We are living in a strange time where our personal and professional lives are completely and inextricably blurred. Our homes are our offices, our offices are our homes, and it is becoming increasingly difficult to differentiate between the two. Therefore, it is all the more important to encourage your team to create boundaries. For some that might mean that during certain times of the day, they need to make themselves unavailable barring emergencies. For others, that might mean taking some things off of their plates that are unfeasible in the current situation. It is up to managers to not only respect staff boundary-setting, which includes taking “no” for an answer, but to also encourage it. I am fortunate to work for an organization that encourages boundary-setting; and especially during these unprecedented times, it has decreased my anxiety and increased my investment and motivation. Many employees don’t feel that they have the permission to set boundaries, to share their needs or concerns or to say “no.” By explicitly encouraging your staff to set boundaries, you are not only giving permission, but you are also making a statement that boundary-setting and self-care is a part of their job.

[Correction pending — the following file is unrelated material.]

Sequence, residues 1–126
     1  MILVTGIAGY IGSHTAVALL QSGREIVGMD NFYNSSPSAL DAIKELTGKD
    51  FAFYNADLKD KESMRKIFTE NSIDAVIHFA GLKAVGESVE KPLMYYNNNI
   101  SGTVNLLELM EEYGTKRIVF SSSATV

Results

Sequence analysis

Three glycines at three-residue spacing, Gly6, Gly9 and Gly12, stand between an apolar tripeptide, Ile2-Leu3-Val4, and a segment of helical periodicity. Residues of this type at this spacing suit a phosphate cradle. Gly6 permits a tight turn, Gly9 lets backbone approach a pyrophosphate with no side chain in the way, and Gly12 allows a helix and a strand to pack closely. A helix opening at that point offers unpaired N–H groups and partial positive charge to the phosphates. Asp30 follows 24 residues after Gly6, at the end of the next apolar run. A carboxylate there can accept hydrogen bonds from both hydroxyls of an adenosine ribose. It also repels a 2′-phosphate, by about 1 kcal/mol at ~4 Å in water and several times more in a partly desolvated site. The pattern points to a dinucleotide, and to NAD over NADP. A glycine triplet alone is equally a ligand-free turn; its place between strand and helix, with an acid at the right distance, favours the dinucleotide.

Model Creating Your Own Boundaries
One of the most effective ways to encourage boundary-setting is by modeling it yourself. If a manager tells their staff that boundaries are important, but neglects to create their own, their words are empty and priorities are made clear. Successful managers model the behavior they want to see – it is a sign of what’s important, and a sign of what’s not. I encourage all managers to think about how they engage in their own self-care, and then to consider how they make it visible to their team. What are the boundaries you create for yourself and how do you communicate that to your team? If you do not set any boundaries, perhaps this is a time to dig deep and ask yourself why, and to consider the possible effects it could be having not only on you, but on your team as well.